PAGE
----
= Open Source Car project
"It is the goal of the OScar Project to develop a car according to Open Source principles. In our opinion, a car is not a vehicle full of high-tech gadgets. Instead, we are looking for a simple and functional concept to spread mobility. Form follows function.
Apart from that, OScar is not just a car. It is about new ways of mobility and the spreading of the Open Source idea in the real (physical) world. On this website, you will find a great community of developers and drivers who want to invent mobility anew and together.
The project started in 1999. In December 2005, it reached release 0.2."
"A wave of initial enthusiasm surrounded the project. However, activity diminished substantially in 2001. Merz managed to revive the project in 2005: apart from the core team of four people, around 100 enthusiasts were engaged in this project (i.e., they contributed to the project by making at least one entry within the discussion forum). From these 100 participants, 15 were very active, i.e., they added a high double-digit number of entries to the discussion forum." (R&D Management 39, 4, 2009)
Research on motivation of contributors:
"Perhaps the most important extrinsic motivation at the OScar project concerns the objective of developing an environmentally friendly car. This aspect not only was frequently mentioned by our respondents but also figured in the respective forums and manifesto. Closely related is the will to establish a community that incorporates people who share a common interest (cf. Lave and Wenger, 1991).
In contrast to the copyright philosophy that prevails in the automotive sector, participants were also stimulated by patent-free collaboration (OScar, 2006b).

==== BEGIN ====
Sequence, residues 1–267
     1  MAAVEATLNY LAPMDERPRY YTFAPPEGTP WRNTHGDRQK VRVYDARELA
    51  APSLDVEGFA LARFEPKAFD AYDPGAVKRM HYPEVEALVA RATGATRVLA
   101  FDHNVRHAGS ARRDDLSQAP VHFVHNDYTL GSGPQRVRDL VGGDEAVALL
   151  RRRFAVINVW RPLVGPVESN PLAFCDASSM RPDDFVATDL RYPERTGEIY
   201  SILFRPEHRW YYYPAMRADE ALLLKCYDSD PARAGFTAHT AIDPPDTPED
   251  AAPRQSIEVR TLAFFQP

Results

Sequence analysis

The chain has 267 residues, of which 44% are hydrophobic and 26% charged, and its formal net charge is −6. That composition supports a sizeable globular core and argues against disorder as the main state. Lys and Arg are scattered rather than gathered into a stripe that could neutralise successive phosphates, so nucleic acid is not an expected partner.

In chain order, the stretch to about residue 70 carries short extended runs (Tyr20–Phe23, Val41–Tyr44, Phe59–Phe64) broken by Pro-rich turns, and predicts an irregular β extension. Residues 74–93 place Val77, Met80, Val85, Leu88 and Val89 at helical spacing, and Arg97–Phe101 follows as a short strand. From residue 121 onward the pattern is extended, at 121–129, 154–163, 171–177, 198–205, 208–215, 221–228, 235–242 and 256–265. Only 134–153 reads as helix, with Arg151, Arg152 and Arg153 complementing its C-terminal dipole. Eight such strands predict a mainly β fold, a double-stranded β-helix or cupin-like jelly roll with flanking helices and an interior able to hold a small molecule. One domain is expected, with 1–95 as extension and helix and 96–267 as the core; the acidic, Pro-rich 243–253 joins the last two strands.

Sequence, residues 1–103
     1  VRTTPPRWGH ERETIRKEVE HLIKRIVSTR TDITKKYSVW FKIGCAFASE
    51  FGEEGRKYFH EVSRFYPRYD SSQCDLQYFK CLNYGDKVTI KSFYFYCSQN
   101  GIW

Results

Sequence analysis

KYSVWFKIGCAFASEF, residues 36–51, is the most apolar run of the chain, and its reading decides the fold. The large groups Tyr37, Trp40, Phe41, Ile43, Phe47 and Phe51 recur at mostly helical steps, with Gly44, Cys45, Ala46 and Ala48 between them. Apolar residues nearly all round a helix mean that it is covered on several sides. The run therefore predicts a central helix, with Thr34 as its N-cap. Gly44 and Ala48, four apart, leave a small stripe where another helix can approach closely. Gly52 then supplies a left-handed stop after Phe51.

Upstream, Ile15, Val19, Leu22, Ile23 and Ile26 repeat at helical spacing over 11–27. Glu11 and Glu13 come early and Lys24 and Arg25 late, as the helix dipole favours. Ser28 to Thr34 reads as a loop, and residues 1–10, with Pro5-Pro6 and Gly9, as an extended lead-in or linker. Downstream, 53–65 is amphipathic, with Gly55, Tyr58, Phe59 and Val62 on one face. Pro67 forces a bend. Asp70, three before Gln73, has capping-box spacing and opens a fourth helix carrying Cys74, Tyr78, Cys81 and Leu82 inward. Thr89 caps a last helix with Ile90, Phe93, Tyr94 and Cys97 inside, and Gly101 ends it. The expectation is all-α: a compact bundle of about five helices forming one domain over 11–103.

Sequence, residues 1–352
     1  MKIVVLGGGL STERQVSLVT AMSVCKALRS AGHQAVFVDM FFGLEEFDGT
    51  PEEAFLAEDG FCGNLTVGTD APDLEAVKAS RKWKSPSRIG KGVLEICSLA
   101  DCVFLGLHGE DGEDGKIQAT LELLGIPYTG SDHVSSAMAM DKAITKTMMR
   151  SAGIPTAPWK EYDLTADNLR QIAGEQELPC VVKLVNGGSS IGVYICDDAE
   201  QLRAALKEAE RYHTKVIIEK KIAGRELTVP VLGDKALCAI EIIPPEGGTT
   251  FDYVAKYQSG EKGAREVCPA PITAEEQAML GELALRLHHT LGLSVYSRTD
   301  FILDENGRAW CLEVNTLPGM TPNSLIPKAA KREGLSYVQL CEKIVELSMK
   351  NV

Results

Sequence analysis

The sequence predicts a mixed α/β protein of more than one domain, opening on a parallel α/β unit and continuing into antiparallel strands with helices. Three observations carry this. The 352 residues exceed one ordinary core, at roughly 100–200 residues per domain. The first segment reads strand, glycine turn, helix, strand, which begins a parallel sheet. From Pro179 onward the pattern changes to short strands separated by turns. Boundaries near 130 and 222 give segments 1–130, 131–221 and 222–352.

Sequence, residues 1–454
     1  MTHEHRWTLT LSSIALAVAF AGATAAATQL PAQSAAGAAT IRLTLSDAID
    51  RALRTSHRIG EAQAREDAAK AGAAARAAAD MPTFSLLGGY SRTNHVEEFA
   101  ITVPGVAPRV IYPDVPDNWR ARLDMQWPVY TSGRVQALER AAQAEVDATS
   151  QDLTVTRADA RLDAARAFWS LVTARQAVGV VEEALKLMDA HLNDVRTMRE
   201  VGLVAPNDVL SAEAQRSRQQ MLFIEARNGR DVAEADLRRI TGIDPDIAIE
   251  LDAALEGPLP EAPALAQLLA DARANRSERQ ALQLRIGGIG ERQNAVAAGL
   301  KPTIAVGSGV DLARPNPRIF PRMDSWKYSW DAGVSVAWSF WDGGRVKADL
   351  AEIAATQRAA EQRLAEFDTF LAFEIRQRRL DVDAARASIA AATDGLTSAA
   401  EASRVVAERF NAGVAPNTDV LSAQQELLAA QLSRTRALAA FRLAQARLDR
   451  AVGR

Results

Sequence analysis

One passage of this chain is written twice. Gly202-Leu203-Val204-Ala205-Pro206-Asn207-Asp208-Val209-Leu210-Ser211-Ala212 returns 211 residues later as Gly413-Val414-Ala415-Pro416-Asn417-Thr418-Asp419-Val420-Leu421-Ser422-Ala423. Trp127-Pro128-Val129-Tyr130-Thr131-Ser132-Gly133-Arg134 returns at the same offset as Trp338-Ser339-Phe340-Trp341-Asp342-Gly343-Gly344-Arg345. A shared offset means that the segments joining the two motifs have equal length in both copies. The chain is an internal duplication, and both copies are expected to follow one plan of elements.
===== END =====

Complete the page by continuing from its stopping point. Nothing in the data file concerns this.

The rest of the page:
Engaging in the OScar project is also considered to be beneficial due to the opportunity it presents for learning and developing novel skills and technical insights. This is predominantly based on the assumption that learning is deemed a collective accomplishment.
As for intrinsic motivational stimuli, OScar members claimed that they consider working for the project a creative pleasure, as participants feel challenged by demanding tasks that match with their respective skills.
Bearing in mind that cars are also dependent on their physical (in this case, virtual) appearance, esthetics are deemed important (cf. in a similar vein Kaiser et al., 2007). Although OScar can only be sensed via the developers’ screens, esthetic experiences are likely to be evoked by novel designs.
As noted above with regard to Wikipedia and OSS projects, there also seems to be a strong sense of belonging among members of the OScar community. Because of members’ shared interests and Is open source software living up to its promises objectives, the cohesiveness of the community is likely to be intense.
In the case of OScar, the contributors stated recurrently that they need a modular structure in order to develop the project simultaneously through separate initiatives. This aspect is also reflected in the few formal dimensions that guide the development of OScar: among detailed technical guidelines (e.g., the length of the vehicle ought to be 4 m), the car is required to be simple, sturdy, easily maintainable, and modular.
At the OScar project, various technical requirements also set the agenda for the contributors and may have prevented further engagement from others. For instance, the data and dimensions (e.g., tilted rear), as well as the performance (e.g., a maximum speed of 145 km/h), were specified beforehand.
Contrary to what is true in the OSS realm, for the development of tangible products, feasibility studies are inevitable. As for Wikipedia, this challenge has been tackled by offering a virtual encyclopedia. However, at the OScar project, the need for feasibility studies is essential. The car cannot be designed and tested without tangible test objects and phases, which we assume to constitute a severe hindrance."
Is open source software living up to its promises? Insights for open innovation management from two open source software-inspired projects. Gordon Muller-Seitz and Guido Reger. R&D Management 39, 4, 2009 375)